Margot at the Wedding
by Jef Burnham
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Though he had directed three films before 2004, Noah Baumbach didn’t find an audience until his name showed up alongside Wes Anderson’s in the screenwriting credits of the wonderfully imaginative The Life Aquatic with Steve Zissou. In 2005, he garnered substantial credit for himself as a director with his semi-autobiographical The Squid and the Whale, which illustrates with an impressive degree of honesty and realism the ill-effects of a divorce on the children.
With these two films in mind, my expectations for Baumbach were high, but his latest effort, Margot at the Wedding, is a vile exhibition of human negativity, which follows an irredeemable lot of utterly detestable characters with perhaps a small handful of decency among them.
When Margot (Nicole Kidman) and her son Claude, played by newcomer Zane Pais, show up for her sister’s wedding, the hyper-critical and manic depressive, elitist Margot starts stealing pills and butting into everyone else’s business and everything falls apart, including her sister’s engagement. Margot is so despicable that her soon-to-be ex-husband Jim (John Turturro), the only character of any worth, is ushered out of the film almost as soon as he appears. Her reason for the necessity of his departure— his kindness reminds her of just how awful she is.
The film fails to embody even a fraction of the charm of his last two projects, in which characters could be despicable, but retain an impressive level of accessibility. Whilst the film opens with a good deal of humor, it quickly degenerates into an endless string of insults and gratuitous melodrama. At times, the only relief for the audience is the knowledge that Jack Black, who plays Malcolm (the groom in the title’s wedding), may return in the next scene. Black provides some desperately needed laughs in one of the most affable performances in the film as an unemployed qausi-musican/painter, who spends most of his time writing letters to magazines, looking at himself naked and fantasizing about teenage girls.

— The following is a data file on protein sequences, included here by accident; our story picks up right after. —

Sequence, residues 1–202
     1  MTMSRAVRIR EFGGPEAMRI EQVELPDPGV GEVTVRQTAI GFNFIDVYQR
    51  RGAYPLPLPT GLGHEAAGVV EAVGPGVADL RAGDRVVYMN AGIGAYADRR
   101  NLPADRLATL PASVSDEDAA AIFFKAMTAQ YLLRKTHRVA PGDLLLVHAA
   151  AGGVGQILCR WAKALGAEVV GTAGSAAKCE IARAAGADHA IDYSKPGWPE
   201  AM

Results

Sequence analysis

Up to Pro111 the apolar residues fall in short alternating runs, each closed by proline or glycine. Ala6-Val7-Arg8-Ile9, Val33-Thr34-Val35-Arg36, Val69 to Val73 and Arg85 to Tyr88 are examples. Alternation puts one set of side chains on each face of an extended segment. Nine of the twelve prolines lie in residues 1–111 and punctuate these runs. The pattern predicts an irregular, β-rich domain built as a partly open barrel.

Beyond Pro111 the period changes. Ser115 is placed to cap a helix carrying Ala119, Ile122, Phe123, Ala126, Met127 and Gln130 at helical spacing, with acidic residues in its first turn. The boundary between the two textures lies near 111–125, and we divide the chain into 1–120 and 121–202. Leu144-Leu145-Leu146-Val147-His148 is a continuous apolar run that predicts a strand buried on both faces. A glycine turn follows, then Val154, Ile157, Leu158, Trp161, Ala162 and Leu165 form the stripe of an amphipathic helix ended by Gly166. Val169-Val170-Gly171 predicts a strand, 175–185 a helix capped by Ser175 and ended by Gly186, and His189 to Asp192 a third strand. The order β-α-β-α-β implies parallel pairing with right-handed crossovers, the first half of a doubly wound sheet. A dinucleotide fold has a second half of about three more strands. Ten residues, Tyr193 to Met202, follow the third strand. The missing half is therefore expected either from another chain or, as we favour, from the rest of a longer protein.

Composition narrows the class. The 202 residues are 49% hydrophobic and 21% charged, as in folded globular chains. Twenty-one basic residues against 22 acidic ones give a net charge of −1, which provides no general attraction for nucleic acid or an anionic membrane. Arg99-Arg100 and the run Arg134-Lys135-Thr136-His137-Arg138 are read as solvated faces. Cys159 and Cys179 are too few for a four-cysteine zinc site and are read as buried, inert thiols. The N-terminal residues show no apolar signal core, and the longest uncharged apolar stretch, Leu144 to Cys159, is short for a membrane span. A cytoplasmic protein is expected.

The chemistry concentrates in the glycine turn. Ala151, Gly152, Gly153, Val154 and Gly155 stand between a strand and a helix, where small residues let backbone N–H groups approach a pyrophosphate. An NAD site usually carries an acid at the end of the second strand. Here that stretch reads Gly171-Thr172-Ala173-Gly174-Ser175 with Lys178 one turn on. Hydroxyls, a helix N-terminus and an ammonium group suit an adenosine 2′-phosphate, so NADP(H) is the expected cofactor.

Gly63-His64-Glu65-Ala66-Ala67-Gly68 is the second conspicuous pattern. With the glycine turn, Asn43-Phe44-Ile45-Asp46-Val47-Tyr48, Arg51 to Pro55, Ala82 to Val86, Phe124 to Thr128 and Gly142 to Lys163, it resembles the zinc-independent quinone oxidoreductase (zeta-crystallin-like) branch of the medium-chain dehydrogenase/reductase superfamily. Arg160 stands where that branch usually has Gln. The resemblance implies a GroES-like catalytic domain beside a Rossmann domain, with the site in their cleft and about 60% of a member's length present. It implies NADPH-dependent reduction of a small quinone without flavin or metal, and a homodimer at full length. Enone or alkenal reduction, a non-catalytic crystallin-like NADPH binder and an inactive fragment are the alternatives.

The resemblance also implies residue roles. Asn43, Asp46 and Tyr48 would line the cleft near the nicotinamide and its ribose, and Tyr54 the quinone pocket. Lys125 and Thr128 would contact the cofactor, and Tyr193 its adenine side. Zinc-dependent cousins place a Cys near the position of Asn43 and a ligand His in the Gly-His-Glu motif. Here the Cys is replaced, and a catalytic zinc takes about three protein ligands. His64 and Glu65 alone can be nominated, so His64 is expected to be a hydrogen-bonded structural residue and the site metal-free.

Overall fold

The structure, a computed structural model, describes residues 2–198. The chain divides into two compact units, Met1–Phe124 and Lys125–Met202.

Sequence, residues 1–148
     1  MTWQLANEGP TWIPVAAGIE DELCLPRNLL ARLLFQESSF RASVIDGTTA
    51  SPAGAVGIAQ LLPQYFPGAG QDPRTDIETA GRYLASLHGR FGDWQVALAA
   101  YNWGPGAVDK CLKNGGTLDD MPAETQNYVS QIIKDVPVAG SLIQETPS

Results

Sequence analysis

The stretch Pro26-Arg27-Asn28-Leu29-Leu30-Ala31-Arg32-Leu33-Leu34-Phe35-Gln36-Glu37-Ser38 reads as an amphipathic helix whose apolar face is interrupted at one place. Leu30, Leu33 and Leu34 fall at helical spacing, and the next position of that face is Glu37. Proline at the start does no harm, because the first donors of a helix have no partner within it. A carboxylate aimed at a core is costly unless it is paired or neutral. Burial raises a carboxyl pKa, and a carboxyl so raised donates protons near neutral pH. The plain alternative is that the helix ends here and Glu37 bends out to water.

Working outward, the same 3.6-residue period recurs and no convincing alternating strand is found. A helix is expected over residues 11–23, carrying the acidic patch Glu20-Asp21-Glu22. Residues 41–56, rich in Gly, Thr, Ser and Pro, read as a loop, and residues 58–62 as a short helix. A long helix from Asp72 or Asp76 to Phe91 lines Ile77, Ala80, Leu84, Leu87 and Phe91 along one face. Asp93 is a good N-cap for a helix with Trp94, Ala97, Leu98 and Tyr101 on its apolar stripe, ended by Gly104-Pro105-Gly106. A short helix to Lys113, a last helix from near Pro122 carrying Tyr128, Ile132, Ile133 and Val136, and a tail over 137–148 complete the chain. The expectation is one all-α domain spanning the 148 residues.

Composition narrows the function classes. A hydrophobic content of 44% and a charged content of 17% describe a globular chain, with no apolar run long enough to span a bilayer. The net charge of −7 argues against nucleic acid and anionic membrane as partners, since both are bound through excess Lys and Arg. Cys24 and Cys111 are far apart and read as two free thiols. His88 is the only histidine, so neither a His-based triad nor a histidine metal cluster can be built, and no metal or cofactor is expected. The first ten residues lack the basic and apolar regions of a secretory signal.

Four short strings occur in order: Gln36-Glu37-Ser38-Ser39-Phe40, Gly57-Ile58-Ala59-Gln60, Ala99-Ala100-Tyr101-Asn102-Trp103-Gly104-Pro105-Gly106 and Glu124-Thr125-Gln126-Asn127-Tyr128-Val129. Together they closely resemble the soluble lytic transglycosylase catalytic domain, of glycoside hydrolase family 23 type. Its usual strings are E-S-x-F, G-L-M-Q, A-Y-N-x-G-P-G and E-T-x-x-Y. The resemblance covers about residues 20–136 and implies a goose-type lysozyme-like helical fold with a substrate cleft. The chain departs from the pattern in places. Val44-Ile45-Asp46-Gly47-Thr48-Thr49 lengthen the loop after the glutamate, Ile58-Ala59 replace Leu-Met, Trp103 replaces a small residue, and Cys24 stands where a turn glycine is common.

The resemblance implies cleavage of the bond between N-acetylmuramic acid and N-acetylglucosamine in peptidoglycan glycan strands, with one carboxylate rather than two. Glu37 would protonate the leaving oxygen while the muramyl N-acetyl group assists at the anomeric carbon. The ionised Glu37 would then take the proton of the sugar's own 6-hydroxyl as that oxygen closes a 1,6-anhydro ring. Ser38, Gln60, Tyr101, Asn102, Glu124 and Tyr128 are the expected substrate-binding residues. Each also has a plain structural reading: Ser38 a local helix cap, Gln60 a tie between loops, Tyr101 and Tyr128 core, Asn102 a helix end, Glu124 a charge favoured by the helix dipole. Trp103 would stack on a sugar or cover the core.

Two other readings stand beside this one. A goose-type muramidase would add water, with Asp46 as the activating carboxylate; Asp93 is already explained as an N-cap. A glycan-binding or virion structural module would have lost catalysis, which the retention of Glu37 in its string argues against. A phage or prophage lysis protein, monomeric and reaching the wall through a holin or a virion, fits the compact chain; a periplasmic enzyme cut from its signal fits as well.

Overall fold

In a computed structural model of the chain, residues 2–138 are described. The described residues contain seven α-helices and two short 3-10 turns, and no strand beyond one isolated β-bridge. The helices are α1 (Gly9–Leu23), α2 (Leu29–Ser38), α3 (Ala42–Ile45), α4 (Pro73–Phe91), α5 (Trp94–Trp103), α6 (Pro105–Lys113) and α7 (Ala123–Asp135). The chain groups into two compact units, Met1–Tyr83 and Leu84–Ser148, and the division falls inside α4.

Baumbach’s usually spot-on dialogue takes a dive early in the film. “What was it about Dad that had us fucking so many guys?” Pauline (Jennifer Jason Leigh) asks Margot. Apparently it is impossible for male screenwriters to imagine a woman attempting to cope with father issues in any way except promiscuity, or to engage in sexual acts for pleasure. But the worst exchange of dialogue in the film is between Margot and Claude. “Did she just poop her pants?” Claude asks, as his aunt Pauline darts behind a tree and strips off her soiled panties. “It happens to everyone,” Margot replies, “not just babies. Someday it’ll happen to you.”
I wish that I could say more positive things about the film, which focuses on the same sort of crises as any Bergman film might, but without any of the style or grace exhibited by the Swedish master. Like Jeff Daniels’ character in The Squid and the Whale, many characters in Margot at the Wedding, including Margot, are writers who received some critical acclaim early in their careers, but failed to draw an audience. In a Q&A at a bookstore, Margot is asked if one of her characters’ bad parenting was meant to reflect her own inability to connect with her children, which makes me wonder if Baumbach’s use of these writers as characters will ultimately be reflective of his own early success as a filmmaker, only to find himself alienating his audience with insufferably mediocre films such as Margot at the Wedding.
Jef Burnham is a film critic and freelance writer living in Chicago.
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